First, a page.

Domestic violence destroys our society

The Domestic Violence Act impacts positively on families who are affected by violence.


With due acknowledgement to the Law Society of South Africa


Domestic violence is a social evil.
It impacts negatively on the daily lives of the victims.
Families plagued by domestic violence are dysfunctional
and individual members are prevented from realising their full potential.

Everyone deserves the opportunity to grow as a human being
and to be treated with dignity and respect.
Government places strong emphasis on the eradication of violence!

The Domestic Violence Act was recently approved by Parliament
and will impact positively on families who are affected.

Domestic Violence Act 116 of 1998 (pdf file)

The Domestic Violence Act is progressive and constitutes a significant broadening of the current position. The Act recognises domestic violence as a social evil and the fact that its victims are mostly women and children. Some of the important provisions in the Act, which will alleviate the plight of victims of domestic violence, include the following:

  • It applies to any victim who is in a “domestic relationship”, and not only to “parties to a marriage”.
  • It places a duty on a member of the SAPS to inform a victim of his or her rights at the scene of an incident of domestic violence.
  • The Act provides that a peace officer may, without warrant, arrest any person at the scene of an incident of domestic violence whom he or she reasonably suspects of having committed an offence containing an element of violence.
  • An application for a protection order may be brought on behalf of the complainant by any other person, including a member of the SAPS, who has a material interest in the well being of the complainant.
  • The Act makes provision for the granting of a protection order, which will be confirmed if the respondent (the alleged perpetrator) does not appear in court on the return date.
  • Many victims do not make use of a protection order due to, amongst other things, financial concerns. The Act clearly indicates the terms, which may be contained in a protection order, such as an obligation on the respondent to make rent or mortgage payments and to pay emergency monetary relief. Children are often used to regain control over the complainant, therefore contact with any child by the respondent may be refused, or structured contact may be ordered.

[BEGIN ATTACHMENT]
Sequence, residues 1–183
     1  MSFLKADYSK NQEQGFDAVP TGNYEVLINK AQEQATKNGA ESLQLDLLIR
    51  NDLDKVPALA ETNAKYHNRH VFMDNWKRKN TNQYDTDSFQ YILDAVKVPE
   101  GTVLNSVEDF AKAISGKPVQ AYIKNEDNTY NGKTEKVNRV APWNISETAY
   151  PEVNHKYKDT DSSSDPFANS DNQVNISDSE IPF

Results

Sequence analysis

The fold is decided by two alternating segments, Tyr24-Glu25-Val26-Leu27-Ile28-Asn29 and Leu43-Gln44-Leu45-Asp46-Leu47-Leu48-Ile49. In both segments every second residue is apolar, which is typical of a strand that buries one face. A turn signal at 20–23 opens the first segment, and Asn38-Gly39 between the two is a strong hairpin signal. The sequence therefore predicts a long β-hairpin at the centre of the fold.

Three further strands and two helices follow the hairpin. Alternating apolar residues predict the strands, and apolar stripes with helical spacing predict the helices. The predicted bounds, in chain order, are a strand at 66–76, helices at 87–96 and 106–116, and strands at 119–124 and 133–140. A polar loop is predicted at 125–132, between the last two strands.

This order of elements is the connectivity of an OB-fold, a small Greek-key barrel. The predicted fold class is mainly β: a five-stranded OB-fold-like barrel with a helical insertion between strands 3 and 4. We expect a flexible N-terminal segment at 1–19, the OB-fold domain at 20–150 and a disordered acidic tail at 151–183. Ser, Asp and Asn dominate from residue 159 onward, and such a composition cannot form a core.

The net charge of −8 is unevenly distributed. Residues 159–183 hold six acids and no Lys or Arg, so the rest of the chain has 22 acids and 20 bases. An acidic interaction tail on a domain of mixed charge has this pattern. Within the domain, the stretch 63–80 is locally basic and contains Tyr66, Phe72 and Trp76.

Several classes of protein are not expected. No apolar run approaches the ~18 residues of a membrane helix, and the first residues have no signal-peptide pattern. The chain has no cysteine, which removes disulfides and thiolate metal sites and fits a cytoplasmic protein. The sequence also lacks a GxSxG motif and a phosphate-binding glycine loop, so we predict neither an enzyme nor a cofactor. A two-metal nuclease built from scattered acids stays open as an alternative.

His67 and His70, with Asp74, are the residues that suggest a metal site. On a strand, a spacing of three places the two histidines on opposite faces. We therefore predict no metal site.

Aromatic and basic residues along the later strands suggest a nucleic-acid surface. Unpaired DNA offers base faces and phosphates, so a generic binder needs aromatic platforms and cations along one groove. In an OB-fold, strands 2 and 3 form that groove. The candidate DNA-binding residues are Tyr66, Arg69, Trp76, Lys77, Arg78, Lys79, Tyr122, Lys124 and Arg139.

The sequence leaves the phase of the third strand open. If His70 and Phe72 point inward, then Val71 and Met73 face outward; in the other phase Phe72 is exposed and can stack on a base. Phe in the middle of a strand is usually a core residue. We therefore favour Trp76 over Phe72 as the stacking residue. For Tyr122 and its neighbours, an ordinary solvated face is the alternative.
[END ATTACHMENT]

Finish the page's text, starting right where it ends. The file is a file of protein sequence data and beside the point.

• In terms of the Act, firearms and other dangerous weapons may be seized in domestic violence situations.
  • In terms of the Act, a court, in granting a protection order, also issues a suspended warrant for the arrest of the respondent. It remains in force unless the protection order is set aside. If the respondent breaches the protection order, the police will arrest him. The Act also provides that the respondent be criminally charged for breaching the protection order and also with any other offence resulting from a complaint lodged by the applicant against the respondent.
  • The Act allows for the complainant or respondent to apply for the amendment or setting aside of the protection order.
  • The Act provides that proceedings are held in camera.
  • The Act makes it clear that any party to proceedings may be assisted by a legal representative.
  • In terms of this Act, perpetrators of domestic violence may be sentenced to five year’s imprisonment, thereby emphasising the view that domestic violence is a serious crime.
  • The Act now provides for a simple, quick and cost effective procedure in order to obtain protection from domestic violence.

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